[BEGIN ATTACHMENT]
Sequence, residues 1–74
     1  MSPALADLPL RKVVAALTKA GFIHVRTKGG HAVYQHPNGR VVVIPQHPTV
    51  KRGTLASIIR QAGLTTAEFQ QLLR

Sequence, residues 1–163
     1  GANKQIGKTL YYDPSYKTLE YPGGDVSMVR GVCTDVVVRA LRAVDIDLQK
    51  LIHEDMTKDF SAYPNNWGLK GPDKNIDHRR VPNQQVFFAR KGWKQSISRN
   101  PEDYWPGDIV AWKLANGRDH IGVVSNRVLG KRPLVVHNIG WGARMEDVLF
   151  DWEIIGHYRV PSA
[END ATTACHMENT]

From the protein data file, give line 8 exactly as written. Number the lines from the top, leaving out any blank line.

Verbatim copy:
   151  DWEIIGHYRV PSA